After months of speculation and rumor, Google finally launched its "Drive" service on Tuesday. Possibly fearing the worst, its main competitors smelled an impending launch and upgraded their own services including Dropbox which added sharing files with non-members, and Microsoft's SkyDrive which upgraded existing members to 25 GB while also launching three new paid services.
But with Google Drive now out in the open, the drama hasn't come to a close quite yet. TechNode reports that China has actually blocked the virtual locker for unknown reasons just hours after it went live. It's probably nothing personal, as China also blocks the popular Dropbox service and many others, probably to prevent locals from storing files on Western Internet servers, and to support local cloud storage solutions.
Back in March, Baidu -- China's own Google-like Web giant -- launched a beta cloud service called Wangpan. The beta restricted the number of initial users by offering just 5,000 invites each day on a first-come, first-serve basis. However it now offers 25 GB of free storage to millions of users with options to increase the capacity for free by way of several not-yet-announced options.
There are reports that Baidu will also launch its own device using a forked version of Android called "Yi." The company is working with Foxconn to manufacture the device, and will presumably have built-in support for the Wangpan cloud service. China has more than 500 million Internet users, making it a hugely attractive market locally and abroad.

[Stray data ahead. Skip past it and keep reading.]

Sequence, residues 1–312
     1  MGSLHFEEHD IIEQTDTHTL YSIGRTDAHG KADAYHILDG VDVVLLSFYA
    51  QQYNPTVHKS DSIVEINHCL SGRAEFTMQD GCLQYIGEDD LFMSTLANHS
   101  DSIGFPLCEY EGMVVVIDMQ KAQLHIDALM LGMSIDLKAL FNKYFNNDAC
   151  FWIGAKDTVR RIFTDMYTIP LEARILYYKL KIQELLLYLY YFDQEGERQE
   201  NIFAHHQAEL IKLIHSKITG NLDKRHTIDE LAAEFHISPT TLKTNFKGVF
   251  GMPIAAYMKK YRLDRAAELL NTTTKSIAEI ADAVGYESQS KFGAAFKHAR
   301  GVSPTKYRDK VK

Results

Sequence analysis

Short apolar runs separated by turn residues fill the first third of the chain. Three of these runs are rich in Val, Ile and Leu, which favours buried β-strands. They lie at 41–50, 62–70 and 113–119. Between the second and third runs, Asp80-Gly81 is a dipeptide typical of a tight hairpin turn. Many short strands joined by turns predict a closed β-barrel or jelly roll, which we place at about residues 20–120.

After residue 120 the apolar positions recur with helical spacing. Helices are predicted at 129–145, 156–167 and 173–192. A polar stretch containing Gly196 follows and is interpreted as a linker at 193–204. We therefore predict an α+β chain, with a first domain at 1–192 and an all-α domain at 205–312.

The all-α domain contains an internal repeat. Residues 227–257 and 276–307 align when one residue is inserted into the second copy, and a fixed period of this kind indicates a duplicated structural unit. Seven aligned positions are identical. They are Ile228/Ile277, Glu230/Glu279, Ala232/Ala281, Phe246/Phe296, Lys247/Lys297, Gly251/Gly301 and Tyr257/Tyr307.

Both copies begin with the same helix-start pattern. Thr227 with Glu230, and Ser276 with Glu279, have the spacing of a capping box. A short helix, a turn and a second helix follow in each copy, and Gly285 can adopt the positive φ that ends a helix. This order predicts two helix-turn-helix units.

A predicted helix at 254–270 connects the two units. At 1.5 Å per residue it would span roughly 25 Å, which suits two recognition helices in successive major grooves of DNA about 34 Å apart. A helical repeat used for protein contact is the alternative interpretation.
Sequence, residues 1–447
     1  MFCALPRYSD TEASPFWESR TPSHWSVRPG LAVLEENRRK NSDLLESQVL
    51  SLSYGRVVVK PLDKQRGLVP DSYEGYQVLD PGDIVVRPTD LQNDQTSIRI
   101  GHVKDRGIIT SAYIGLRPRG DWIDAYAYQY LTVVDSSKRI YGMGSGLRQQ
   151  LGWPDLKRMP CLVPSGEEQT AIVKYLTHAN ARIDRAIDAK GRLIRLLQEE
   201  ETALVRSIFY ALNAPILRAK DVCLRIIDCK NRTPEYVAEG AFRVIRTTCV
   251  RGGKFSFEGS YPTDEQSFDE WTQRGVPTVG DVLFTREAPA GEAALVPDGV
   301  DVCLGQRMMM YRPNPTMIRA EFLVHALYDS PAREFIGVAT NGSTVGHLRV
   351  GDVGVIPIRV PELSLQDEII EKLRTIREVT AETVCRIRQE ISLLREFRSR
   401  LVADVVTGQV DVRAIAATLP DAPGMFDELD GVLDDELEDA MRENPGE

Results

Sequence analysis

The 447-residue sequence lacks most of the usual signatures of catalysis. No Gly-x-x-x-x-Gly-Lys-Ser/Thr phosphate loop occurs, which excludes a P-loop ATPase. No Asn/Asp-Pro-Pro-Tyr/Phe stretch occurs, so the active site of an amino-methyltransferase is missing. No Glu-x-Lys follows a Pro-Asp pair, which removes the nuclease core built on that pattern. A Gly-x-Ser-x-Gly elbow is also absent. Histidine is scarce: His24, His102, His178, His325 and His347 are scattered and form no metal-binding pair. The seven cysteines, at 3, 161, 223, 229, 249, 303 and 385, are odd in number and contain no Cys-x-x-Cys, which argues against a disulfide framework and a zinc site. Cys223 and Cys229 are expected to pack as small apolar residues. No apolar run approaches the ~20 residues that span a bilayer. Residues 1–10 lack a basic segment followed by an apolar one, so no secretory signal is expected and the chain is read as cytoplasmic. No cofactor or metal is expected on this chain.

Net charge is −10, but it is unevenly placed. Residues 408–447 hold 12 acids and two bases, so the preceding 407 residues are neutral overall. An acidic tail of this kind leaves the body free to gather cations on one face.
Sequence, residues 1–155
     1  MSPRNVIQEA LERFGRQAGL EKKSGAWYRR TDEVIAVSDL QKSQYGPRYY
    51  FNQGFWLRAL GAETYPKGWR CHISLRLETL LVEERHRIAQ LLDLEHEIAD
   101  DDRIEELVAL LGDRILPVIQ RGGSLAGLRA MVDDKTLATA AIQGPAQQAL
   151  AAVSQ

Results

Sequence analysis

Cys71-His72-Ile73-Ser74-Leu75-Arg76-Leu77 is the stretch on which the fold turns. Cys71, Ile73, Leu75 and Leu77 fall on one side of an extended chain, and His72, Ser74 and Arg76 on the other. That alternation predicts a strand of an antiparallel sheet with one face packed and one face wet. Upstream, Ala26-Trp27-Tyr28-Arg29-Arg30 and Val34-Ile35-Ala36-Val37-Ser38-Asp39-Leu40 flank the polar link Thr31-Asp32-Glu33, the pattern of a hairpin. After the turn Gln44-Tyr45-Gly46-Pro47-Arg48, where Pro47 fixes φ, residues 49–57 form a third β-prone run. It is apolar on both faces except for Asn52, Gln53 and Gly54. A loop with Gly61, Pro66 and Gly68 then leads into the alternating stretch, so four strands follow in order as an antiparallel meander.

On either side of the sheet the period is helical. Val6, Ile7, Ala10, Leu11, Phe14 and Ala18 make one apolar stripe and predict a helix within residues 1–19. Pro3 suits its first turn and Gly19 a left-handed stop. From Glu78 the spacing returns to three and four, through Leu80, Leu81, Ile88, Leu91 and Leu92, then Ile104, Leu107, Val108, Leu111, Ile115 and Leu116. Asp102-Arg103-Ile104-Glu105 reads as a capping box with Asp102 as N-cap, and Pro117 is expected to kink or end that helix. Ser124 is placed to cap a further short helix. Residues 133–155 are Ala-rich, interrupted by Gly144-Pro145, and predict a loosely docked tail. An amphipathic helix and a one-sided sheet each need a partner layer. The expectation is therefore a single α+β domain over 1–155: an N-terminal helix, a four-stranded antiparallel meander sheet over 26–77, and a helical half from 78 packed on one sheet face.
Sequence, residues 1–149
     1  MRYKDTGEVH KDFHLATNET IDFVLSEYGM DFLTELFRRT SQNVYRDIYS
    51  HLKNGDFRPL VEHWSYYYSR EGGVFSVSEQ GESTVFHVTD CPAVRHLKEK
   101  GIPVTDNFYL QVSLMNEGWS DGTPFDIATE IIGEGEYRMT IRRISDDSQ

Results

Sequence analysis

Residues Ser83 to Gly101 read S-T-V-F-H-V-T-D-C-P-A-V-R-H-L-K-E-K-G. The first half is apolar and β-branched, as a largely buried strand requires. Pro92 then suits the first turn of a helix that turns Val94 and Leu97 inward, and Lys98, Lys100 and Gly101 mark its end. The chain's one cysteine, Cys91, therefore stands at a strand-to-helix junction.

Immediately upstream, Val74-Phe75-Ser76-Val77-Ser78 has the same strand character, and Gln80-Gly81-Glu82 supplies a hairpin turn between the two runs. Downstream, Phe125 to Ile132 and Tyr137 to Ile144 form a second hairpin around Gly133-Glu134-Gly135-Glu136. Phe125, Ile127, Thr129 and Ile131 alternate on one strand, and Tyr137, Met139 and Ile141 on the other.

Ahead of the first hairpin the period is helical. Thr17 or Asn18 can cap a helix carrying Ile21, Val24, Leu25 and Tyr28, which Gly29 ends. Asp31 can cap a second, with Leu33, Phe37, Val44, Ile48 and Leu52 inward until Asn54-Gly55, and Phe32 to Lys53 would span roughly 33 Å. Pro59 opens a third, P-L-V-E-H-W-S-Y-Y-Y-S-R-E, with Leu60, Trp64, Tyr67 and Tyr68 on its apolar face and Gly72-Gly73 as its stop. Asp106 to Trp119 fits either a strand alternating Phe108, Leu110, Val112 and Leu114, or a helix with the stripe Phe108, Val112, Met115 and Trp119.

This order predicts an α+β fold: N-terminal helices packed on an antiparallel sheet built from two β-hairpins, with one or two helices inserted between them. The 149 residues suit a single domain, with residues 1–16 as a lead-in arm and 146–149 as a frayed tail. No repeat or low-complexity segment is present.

Sadly, Google Drive didn’t exactly live up to all the previous hype. Essentially Google increased the online capacity of Google Docs from 1 GB to 5 GB, and then renamed the service to Google Drive. The company also replaced the Google Docs Android app with the new Google Drive version much like it did with replacing Android Market with Google Play. The Google Docs url has even been replaced by the new drive.google.com address.
As before, Google Drive allows users to create documents, spreadsheets and other files which in turn can be edited, shared, downloaded and uploaded. But now users have a client they can download and install on their PC which creates a "shared" folder, mimicking Dropbox's own software. Users simply drop files into the folder and they're instantly uploaded to the cloud. A revamped search tool allows users to search for a specific file stored in their virtual locker.
If anything, Google Drive is a clone of Dropbox without the latter's latest public sharing feature. This is what Google Drive really needs rather than limiting users to sharing files via email and Google+. Still, there doesn't seem to be anything for China to fear unless you read Google's terms of service, especially this paragraph:
Your Content in our Services: When you upload or otherwise submit content to our Services, you give Google (and those we work with) a worldwide license to use, host, store, reproduce, modify, create derivative works (such as those resulting from translations, adaptations or other changes that we make so that your content works better with our Services), communicate, publish, publicly perform, publicly display and distribute such content.
Maybe that's why China blocked Google Drive...